Daily Myth:Greek- Medusa


Medusa by Gian Lorenzo Bernini

Of all the monsters in Greek mythology, Medusa has got to be one of the most well known. Whether she is ugly or beautiful or half snake or fully human or with a full head of snakes or snakes sporadically placed in a head of hair, as long as it is a lady with snake hair we still know its Medusa.

Modest Medusa by Jake Richmond

Modest Medusa by Jake Richmond

Medusa is a Gorgon from Ancient Greek mythology. Gorgons are dreadful female monsters with large eyes, fangs or tusks, forced smiles to show off their teeth and lolling tongues, and reptilian attributes usually snakes mixed in their hair. In some areas of Greece, they were believed to have scales for skin that were almost impenetrable. Medusa was one of three sisters, the other two were named Stheno and Euryale. They all had brass hands, living venomous snakes in their hair, and gazes that would turn people to stone. Earlier myths depicted them as primordial beings.

But there is another myth to the origin of Medusa, that I personally like more. Medusa was believed to be a mortal priestess in the temple of Athena. Even as a mortal, she was best known for her hair, for as a human she had beautiful, flowing, golden hair. And one day Poseidon, who took a fancy to her, came into Athena’s temple and raped Medusa. (Some say that she fell in love with him and, forgetting her vows of celibacy, married him. I prefer the other one because it makes her a victim in the situation with a sad story. I find that more interesting. And in some versions of the myth, Medusa was so vain of her beauty that Athena did not take pity, because women in these stories were always so mean to each other since they are all written from the perspective of men in history). Anyways in this version, there are two explanations as to why her sisters were also Gorgons. One: she still had gorgon sisters, but because her parents were somehow related to Gaia, they had two monster babies and one beautiful maiden daughter. Two: Athena was so mad that she cursed Medusa’s sisters as added punishment (I prefer this one).

The West Pediment of the Temple of Artemis in Corfu, Greece

The West Pediment of the Temple of Artemis in Corfu, Greece

Which ever the story, Athena was so enraged that her temple was besmirched that she went into a rage. She knew she could not punish her stronger, more powerful, divinity of an uncle (who she already humiliated when she was chosen to be patron god of Athens), so she took all of her anger out on Medusa. She transformed her into a beast that everyone feared, and Medusa was forced to flee to a far off place where she could live in misery alone till the day someone killed her.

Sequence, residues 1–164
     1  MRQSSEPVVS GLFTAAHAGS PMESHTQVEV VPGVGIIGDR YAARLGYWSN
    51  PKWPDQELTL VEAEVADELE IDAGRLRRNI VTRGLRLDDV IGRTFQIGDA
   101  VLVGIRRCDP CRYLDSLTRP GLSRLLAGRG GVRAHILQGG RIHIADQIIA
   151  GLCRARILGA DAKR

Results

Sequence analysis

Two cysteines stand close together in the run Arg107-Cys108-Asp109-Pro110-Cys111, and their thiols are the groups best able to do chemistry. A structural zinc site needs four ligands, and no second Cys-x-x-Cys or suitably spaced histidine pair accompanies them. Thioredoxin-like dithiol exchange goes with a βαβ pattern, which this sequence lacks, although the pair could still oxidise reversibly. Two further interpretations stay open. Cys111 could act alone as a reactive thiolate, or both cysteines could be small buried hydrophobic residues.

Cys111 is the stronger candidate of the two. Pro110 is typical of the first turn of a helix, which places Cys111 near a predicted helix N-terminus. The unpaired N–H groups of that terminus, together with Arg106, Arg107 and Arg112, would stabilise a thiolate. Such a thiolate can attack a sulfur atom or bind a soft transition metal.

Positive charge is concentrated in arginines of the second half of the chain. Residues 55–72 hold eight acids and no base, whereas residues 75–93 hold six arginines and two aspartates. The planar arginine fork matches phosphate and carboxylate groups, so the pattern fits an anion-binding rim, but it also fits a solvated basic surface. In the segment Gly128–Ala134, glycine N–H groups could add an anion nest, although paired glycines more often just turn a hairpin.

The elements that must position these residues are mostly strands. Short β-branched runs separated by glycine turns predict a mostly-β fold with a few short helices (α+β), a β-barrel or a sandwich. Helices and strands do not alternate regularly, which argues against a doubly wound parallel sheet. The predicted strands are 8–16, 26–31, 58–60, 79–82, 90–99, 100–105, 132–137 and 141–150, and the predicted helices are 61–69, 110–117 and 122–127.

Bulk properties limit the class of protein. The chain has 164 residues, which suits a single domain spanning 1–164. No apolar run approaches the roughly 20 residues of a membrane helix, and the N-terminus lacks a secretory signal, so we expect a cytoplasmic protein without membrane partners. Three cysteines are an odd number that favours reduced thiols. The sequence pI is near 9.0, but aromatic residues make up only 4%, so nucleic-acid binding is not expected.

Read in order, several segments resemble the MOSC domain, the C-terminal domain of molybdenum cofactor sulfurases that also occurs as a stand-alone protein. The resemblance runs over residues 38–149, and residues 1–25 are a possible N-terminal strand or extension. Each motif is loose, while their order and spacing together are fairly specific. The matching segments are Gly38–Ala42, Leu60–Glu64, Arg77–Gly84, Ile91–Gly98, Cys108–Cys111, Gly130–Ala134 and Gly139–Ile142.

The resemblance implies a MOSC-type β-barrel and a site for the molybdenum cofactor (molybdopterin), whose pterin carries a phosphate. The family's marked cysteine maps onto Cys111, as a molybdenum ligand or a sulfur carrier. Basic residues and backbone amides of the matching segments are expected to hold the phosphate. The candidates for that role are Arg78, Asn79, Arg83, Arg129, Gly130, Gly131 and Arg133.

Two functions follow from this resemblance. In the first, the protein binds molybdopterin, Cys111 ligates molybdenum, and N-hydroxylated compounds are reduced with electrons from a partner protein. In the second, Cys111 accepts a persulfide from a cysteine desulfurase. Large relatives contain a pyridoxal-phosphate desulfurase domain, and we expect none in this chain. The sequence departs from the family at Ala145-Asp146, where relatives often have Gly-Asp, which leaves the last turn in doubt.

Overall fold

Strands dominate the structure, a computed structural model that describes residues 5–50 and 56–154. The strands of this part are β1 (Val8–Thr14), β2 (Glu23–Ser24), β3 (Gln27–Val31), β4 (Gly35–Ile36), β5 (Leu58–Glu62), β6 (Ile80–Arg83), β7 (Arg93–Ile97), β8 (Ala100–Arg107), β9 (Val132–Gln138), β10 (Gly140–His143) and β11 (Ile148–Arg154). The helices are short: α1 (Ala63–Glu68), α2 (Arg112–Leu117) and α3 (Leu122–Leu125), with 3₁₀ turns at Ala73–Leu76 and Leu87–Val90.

Medusa by Arnold Böcklin (1878)

Medusa by Arnold Böcklin (1878)

Many years later, hundreds of men had tried to kill her but to no avail. All became stone once they looked into her eyes. Until a hero named Perseus, who had magical items to help him out, was able to cut off her head. His story is best to be saved for another day. But for now the gist is that Perseus is a hero that needed her head for a special reason. So he was given special equipment to aid in his battle against her, and most of the help he gained was from no other than Athena herself. After he got the head of Medusa, he traveled all the way back to Greece. While traveling, blood dropped from her head into the sea and Pegasus was born from her blood, pain, and sea foam (from Poseidon, which would match better with the story of them being in love because then it would be his mourning for her and creating a child with her even though she was dead. That is kind of sweet, weird, but sweet). Also either some of her blood fell all over the African desert or pieces of her hair, but they say that is how the deserts were so filled of venomous snakes in Northern Africa.

It is not often mentioned, or even depicted in artwork, that Medusa had the lower half of a snake, and yet in most video games, artwork, and movies made in modern day that is how she is characterized.


If you want to know more about Medusa, check out this website: http://www.english.illinois.edu/maps/poets/a_f/bogan/medusamyth.htm

-Blog Barista


I laughed way to hard at this gem

I laughed way to hard at this gem


Leave a Reply

Fill in your details below or click an icon to log in:

WordPress.com Logo

You are commenting using your WordPress.com account. Log Out /  Change )

Google+ photo

You are commenting using your Google+ account. Log Out /  Change )

Twitter picture

You are commenting using your Twitter account. Log Out /  Change )

Facebook photo

You are commenting using your Facebook account. Log Out /  Change )


Connecting to %s